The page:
The mission of the alliance is to “promote global standardization of a wireless power transfer technology that offers spatial freedom, to develop product testing, certification and regulatory compliance processes, and to foster industry dialogue with regulators on wireless power policy development.”
If such a single specification standardization is adopted by the industry, end-users will eventually be able to enjoy wireless charging in vehicles, at home or on-the-go. The benefits, the A4WP says, includes an easily implemented transmitter and receiver antenna design, a simple control system and the ability to transfer power through non-metallic surfaces. Sounds like your whole home can be one big charging hub.
“A4WP will accelerate the commercialization of this technology and will contribute to expanding its market. As a founding member of A4WP, Samsung is committed to supporting standardization of wireless charging technology boasting spatial freedom, contributing to the eco-system, and exploring possibilities of a variety of services,” said Executive Vice President KiHo Kim, head of Digital Media & Communications R&D Center, Samsung Electronics.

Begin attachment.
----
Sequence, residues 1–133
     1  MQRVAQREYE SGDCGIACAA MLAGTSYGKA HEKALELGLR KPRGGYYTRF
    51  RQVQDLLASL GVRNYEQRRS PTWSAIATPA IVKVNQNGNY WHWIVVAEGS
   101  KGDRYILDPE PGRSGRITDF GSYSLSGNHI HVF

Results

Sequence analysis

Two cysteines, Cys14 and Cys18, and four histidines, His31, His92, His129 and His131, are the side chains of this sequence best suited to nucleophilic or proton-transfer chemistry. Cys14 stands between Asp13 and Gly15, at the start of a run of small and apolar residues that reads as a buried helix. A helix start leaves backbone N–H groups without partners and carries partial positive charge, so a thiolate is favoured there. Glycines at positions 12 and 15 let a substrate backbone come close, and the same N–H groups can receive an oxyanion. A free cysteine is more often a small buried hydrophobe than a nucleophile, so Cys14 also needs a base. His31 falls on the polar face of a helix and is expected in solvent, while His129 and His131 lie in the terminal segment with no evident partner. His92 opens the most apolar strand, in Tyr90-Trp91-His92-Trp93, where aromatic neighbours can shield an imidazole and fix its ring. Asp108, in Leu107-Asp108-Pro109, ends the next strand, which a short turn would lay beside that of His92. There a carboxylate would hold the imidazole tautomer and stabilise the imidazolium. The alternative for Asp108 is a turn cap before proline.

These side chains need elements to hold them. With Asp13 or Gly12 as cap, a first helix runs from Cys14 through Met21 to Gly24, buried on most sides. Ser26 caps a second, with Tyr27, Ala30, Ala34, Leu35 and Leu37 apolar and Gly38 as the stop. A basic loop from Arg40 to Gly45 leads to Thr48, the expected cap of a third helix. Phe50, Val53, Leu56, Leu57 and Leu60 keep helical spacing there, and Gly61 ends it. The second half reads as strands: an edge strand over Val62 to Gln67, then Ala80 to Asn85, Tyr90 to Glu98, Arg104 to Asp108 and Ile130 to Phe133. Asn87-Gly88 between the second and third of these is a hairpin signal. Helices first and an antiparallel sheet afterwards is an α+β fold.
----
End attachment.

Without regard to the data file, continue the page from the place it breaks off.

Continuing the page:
The alliance, which will be on-hand at CTIA this week in New Orleans, said it encourages participation from all segments in the technology landscape: mobile, consumer electronics, auto, furniture and retail, just to name a few.
Untethering the charging process? Yes, please. But for this standardization to become a reality, an infrastructure must be deployed. That’s where the A4WP comes in.
Right now the A4WP includes Qualcomm, Samsung, Ever Win Industries, Gill Industries, Peiker Acustic, Powermat Technologies and SK Telecom.